Childcare is really expensive. In some states the costs can top 15 percent of the median income for a married couple. And when looking at single-family households, that burden can easily pass 40 percent of the median income.
One place all that money is not going: the pockets of the workers doing all that childcare. On average, these women (it’s almost entirely women) are paid significantly less than the average American worker and are twice as likely to live in poverty, a new study released by the Economic Policy Institute (EPI) found. The median hourly wage for childcare workers in the U.S. is $10.39, nearly 40 percent below the median hourly wage of workers in other occupations. Even when accounting for the demographic makeup of the childcare industry—workers are more likely to be minorities, much more likely to be women, and less likely to have a bachelor’s or advanced degree—their earnings were still 23 percent lower than in other occupations. Childcare workers also had less access to benefits, such as health insurance and retirement funds, than people employed in other fields.
Elise Gould, a senior economist at EPI and the author of the study, says that often people think of childcare workers as somewhat similar to elementary-school teachers, since they are providing care and enrichment for children all day (albeit with fewer required credentials). But the compensation for childcare workers more closely mirrors that of a cashier or a food-service worker than a teacher, she says.
As a part of her analysis, Gould tried to determine if these workers could afford childcare services for their own kids. “The exercise to see whether or not childcare workers can afford childcare might sound cute, but it’s actually distressing,” she says. That’s because the answer was by and large, no. According to the U.S. Department of Health and Human Services, for childcare to be considered “affordable” it should cost no more than 10 percent of a family’s income (a figure that will surely seem like a bargain to many readers). Gould found that, on average, childcare would cost childcare workers closer to one-third of their salary.
Betty Henderson, who runs a childcare center in Detroit, is all too familiar with the struggle to provide care for kids and also make money. Henderson’s facility employs three lead teachers to take care of 19 children, ranging in age from two weeks to six years old. Her staff’s salaries are around $9 an hour, but Henderson says that after she gets done paying for staffing, rent, and materials for her daycare, there’s not much left over.
The high price of childcare is actually why Henderson got into the business in the first place. When her son was a baby, a heart condition that came with required medications and a feeding tube meant that the cost of care at her daycare facility skyrocketed. “I’ve been that parent that couldn't afford childcare,” she says. She was forced to stay home to care for him, but still needed to put food on the table, so she started a daycare of her own. Still she says, it’s a constant struggle to try to pay her workers a fair wage and try to keep the business afloat.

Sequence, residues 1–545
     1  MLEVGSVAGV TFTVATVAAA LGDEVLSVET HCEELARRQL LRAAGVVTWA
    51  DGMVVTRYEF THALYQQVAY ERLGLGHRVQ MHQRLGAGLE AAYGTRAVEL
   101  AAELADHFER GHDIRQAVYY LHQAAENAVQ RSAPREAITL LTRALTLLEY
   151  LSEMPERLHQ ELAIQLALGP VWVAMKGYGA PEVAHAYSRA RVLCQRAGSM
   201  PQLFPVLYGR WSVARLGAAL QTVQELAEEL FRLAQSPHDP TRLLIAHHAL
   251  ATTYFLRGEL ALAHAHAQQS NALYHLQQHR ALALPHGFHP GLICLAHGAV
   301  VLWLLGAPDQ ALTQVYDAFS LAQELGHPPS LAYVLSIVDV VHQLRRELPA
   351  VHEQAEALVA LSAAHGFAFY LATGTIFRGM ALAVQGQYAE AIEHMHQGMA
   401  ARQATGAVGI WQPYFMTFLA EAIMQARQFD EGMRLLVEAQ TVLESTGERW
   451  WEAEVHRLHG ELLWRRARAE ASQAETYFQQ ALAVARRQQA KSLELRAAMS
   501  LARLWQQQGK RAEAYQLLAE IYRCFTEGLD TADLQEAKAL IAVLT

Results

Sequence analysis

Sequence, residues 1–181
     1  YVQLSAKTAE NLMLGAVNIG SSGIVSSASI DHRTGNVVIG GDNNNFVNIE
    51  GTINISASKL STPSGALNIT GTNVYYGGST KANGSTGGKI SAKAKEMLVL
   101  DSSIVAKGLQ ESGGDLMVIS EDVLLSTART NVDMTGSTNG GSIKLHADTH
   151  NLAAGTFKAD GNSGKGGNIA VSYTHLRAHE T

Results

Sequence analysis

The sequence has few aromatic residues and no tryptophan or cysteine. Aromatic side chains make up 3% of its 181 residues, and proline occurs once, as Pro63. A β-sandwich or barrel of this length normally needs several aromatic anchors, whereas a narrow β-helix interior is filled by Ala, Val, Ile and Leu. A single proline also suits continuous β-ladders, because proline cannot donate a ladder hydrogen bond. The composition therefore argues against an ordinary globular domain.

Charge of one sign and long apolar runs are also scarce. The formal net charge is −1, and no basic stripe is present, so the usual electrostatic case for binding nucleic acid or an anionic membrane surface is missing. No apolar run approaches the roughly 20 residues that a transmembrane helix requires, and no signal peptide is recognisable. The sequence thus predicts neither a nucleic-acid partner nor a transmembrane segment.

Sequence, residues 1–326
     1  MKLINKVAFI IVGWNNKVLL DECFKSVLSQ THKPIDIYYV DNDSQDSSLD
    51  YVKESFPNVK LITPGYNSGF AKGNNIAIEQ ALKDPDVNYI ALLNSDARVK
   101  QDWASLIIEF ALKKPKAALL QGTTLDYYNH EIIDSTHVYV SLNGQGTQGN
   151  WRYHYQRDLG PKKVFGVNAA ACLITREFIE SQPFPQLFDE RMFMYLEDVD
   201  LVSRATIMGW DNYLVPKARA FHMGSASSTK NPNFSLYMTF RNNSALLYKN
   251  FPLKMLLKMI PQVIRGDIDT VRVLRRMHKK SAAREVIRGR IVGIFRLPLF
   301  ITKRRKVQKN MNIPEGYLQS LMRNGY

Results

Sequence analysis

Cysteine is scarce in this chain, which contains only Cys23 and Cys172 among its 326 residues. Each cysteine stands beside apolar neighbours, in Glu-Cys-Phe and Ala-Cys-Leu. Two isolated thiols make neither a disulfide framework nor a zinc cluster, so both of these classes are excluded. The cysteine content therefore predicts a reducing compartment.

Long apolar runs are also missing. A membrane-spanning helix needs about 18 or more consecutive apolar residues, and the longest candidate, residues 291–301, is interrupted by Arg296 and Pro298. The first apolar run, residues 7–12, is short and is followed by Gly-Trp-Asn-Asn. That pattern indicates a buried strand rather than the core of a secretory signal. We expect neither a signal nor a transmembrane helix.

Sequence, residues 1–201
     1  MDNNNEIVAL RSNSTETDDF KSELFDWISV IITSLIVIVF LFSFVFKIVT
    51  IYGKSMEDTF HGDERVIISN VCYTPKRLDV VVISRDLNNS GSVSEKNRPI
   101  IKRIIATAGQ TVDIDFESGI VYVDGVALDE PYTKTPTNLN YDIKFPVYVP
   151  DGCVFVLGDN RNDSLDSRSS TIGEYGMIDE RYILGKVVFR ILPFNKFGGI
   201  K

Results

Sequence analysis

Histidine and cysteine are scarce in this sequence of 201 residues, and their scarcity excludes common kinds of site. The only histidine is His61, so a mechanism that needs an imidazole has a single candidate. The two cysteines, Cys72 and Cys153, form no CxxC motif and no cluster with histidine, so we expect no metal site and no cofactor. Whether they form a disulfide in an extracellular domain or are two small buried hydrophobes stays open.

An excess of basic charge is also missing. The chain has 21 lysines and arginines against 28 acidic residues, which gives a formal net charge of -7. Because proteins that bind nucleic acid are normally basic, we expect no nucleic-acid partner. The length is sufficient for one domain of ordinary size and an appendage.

How can daycare be both a drain on the resources of clients, but also not pay a living wage? For a childcare operation to be considered high quality, one of the biggest factors is child-to-staff ratios, the lower the better, especially for the smallest children who require feeding, diaper changing, and lots of other hands-on work. That makes it especially difficult to increase the productivity of the child-care model. Looking at it from a purely economic perspective, the solution would be to increase the number of children in each facility, while keeping staff levels the same. But “that conflicts directly with the desire to provide high-quality care,” Gould says.
“Paying the teachers, providing food, educational resources, rent, light, gas, water, Internet, landline phone, all of those things that are mandated,” Henderson says. “It's just a struggle behind the scenes.” The rising cost of those things, especially rent and property prices across the country, can also increase a business's expenses significantly from year-to-year.
The number of childcare workers in America is fairly small, about 1.2 million by EPI’s estimates. But the service these workers provide is hugely important, especially as the number of households where all adults are working continues to grow. So what’s to be done? Gould suggests that childcare services are the perfect opportunity for government intervention in the form of universal pre-k, income-based subsidies, or other solutions that would simultaneously make childcare affordable for everyone and increase the resources available for paying—and raising—worker wages.
Regardless of the path chosen, the ability for caregivers to make a decent wage is a growing concern, not just for their sake, but also for the sake of the families that they help care for, says Gould. “It’s really important to think about the way we treat the workers who take care of our children.”
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